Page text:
But for a bourgeois European provincial like me, it is all a marvel and everything about the book excited me. Even its translation from the original Russian, undertaken by somebody whose first language was evidently not English, sometimes has an exotic tang to it; while the story itself is told with such love and intimate knowledge, is so surging with marvellous characters, and with historical episodes tragic and inspiring, that as I read it over my cocoa of an evening, it quite took my breath away.
Such is the way of the Russians, all blood and firebird. Mr Volkov is describing for us what he likes to call the St Petersburg "mythos" - likes it so much, in fact, that he uses the word several hundred times in the course of the book. This legend Volkov sees fostered by the deliberate isolation of the city, away in the cold northern marshes, by the classical grace of its architecture and by the will of the successive despots who ruled it: but he sees it enacted above all by its writers, dancers, artists and musicians, starting with Pushkin, ending with Akhmatova, and never without a genius in between .
It was Pushkin, with his seminal poem ''The Bronze Horseman'', who first recognised St Petersburg to be the very epitome of conflict between the State and the individual - Peter the Great had built the place with slave labour, killing at least 100,000 in the process - and down the generations the city's artists endlessly fought the fight against tsars as against commissars. What a roster of towering names - Gogol, Dostoyevsky, Rimsky- Korsakov, Mussorgsky, Borodin, Rachmaninoff, Blok, Benois, Diaghilev, Tchaikovsky, Shostakovich! What risks they ran, what loves they loved, what thrilling lives they led! What schools and counter-schools they formed, now as rivals, now as clandestine allies - acmeists and symbolists and maximalists and suprematists,declaiming their poems in the cellar of The Stray Dog, bursting into tears at the ends of symphonies! it makes the heart sing to read about them.
But it could be dangerous and depressing, and often the artistic life was pursued through a kind of twilight - the famous white light of the St Petersburg night. Volkov subtly evokes the disturbing ambivalences that always linked Art and State in this city, whether as St Petersburg under the tsars, Petersburg under the Bolsheviks or Leningrad under the Stalinists.
The tsars were patrons as well as censors: Nicholas I called Pushkin "the wisest man in Russia''. The Communists cynically recognised the power of art: celebrated practitioners painted posters for them, decorated propaganda plates, made films and danced. Many an artist felt it necessary to co- operate with despotism, if only to give art a chance; many more sacrificed their careers, their liberty and even their lives rather than compromise their integrity.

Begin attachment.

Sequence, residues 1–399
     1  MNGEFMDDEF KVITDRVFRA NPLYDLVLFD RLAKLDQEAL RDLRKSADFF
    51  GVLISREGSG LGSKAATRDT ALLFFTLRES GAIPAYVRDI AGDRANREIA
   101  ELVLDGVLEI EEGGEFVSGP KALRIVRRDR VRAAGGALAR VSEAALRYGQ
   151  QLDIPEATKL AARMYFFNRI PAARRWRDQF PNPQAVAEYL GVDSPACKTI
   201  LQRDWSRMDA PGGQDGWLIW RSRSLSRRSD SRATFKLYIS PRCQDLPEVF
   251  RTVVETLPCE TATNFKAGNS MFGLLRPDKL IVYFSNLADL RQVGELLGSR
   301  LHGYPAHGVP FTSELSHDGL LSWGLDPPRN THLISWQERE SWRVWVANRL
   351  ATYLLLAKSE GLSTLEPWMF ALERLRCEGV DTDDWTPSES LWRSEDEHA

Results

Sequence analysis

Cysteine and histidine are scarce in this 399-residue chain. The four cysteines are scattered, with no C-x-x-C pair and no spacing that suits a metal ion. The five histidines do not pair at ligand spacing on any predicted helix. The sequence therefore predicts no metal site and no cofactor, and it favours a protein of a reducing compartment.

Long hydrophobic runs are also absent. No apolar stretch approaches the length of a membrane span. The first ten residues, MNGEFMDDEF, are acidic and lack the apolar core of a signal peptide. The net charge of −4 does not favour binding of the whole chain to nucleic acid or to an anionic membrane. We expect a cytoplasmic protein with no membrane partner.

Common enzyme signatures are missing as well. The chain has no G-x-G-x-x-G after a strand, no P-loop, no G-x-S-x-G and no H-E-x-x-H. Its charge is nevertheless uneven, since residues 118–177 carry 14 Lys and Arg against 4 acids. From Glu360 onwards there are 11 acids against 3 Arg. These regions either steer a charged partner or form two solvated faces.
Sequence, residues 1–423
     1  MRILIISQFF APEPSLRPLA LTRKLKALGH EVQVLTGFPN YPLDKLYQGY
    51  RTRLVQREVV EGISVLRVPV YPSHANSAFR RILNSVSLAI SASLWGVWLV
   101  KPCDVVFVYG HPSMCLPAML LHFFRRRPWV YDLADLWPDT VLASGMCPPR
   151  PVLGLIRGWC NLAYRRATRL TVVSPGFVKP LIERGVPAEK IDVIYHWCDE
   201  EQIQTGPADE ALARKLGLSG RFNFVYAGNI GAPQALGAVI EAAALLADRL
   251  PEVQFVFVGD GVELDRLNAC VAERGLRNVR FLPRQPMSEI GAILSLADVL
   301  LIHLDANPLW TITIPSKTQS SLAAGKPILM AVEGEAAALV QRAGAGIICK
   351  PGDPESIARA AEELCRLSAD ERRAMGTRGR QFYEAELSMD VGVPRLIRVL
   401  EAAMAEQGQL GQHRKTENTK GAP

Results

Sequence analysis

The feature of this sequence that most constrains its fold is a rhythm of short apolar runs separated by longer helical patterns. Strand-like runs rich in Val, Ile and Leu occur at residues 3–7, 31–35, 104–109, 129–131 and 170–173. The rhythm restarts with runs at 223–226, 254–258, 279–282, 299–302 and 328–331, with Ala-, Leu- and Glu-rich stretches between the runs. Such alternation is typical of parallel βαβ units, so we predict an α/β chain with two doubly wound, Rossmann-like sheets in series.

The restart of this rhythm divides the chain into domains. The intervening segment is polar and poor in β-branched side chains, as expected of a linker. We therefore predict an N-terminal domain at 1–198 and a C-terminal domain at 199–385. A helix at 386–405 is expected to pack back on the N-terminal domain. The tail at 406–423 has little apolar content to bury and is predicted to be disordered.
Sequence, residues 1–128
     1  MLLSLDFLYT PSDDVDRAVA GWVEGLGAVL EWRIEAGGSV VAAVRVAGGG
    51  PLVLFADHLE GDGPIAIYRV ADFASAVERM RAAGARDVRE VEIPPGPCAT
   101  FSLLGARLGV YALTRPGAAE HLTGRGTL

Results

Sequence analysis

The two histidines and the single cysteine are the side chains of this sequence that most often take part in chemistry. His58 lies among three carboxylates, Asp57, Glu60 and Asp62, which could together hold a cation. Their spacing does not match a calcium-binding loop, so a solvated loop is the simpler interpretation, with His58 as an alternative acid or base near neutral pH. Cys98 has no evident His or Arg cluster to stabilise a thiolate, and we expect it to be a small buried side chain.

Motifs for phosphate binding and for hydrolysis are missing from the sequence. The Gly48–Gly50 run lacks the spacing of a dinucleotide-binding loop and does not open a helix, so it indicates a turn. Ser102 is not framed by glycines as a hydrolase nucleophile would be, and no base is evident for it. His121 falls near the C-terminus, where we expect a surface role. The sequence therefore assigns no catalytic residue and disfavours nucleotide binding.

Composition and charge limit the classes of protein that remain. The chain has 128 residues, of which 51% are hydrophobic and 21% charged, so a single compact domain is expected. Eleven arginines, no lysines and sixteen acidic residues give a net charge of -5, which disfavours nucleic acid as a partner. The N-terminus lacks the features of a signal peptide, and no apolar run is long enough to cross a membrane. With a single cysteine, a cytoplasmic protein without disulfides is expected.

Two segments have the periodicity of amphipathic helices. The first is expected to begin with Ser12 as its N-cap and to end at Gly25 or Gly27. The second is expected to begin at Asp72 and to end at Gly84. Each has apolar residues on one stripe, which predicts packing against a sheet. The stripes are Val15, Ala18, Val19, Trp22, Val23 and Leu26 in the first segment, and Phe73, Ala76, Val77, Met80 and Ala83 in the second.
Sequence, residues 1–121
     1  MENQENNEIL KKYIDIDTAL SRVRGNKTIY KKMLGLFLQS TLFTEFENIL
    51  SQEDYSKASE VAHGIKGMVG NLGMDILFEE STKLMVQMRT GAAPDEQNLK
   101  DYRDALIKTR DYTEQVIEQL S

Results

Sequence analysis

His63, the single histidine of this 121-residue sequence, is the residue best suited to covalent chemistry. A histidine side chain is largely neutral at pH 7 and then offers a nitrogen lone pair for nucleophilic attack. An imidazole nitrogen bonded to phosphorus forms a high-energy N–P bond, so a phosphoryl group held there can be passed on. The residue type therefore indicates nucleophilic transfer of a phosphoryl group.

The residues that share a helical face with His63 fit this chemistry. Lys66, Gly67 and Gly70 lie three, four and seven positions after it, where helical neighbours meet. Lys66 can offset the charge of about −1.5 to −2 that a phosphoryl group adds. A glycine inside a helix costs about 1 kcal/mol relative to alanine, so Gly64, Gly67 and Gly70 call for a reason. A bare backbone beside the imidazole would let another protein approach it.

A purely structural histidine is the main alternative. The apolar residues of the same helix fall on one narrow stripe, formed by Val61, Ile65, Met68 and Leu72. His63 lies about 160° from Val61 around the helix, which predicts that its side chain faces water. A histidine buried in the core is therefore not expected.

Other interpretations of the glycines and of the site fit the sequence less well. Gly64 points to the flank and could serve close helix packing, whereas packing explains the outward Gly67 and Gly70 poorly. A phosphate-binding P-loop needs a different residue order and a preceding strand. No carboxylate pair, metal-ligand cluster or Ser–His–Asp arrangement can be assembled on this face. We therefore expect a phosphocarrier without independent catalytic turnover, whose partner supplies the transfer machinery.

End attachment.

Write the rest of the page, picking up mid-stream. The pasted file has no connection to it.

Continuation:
In the long term, of course, art always wins: in the short term, as Brodsky once told his boorish interrogators, they had all the power of the KGB behind them, he had only ''half a room and a typewriter''. Nevertheless, through the worst days of Stalin's Great Terror and the Cold War, the artists of Leningrad somehow managed to keep the flame alive, in texts too subtle for bureaucrats to grasp, in coded historical allusions, in the underground distribution system that was samizdat, and now and then in gestures of glorious defiance.
In 1948 the officially denounced Fifth Symphony of Shostakovich was performed in Leningrad to the tumultuous applause of an audience that heard it as a declaration of personal liberty: the conductor Yevgeny Mravinsky, in an impulse that might well have cost him his life, seized the score and held it high above his head in a deliberate cock of the snook at tyranny at all times and in all places, but especially in St Petersburg.
For the city's intellectuals always thought of it as St Petersburg or, more often, simply as "Piter". For them, as this book lovingly demonstrates, it was more than a city, more then a country, but a state of the soul - a mythos! - which impregnated everything they thought and created. They took it with them wherever they went, whether to the Gulags or Manhattan. Pushkin's image of the Bronze Horseman refers to Etienne Falconet's heroic equestrian statue of Peter the Great beside the Neva, and this was far more than just a civic icon, like the Eiffel Tower or Sydney Opera House, but a promise, a threat and an enchantment, all in one.
In 1991, another statue of Peter the Great went up in his city, by the emigre sculptor Mihail Chemiakin. It is in a very different kind. Slumped massive but resigned in a chair, the old despot stares in a glazed way into space, and he seems to be tapping his bony fingers impatiently on the chair-arms. He might be facing his accusers at a war-crimes trial. His head, taken from a deathmask, is eerily small. His expression is at once haughty and defensive.
Is this the new emblem of Mr Volkov's ''mythos"? Having survived two protracted despotisms, four changes of name, a revolution, two wars and the most terrible of sieges, St Petersburg now seems to have settled into an all-too-familiar rumour of crime and general squalor, compounded as usual by tourism. "Where are you galloping, proud steed", demanded Pushkin of Falconet's Peter the Great, "And where will you plant your hooves?'' Chemiakin's Peter is clearly going nowhere at all. Could it possibly be that this tremendous city, so stunningly creative down the years, so familiar with genius as with sorrow, will at last learn what it is like to live in uninteresting times?Reuse content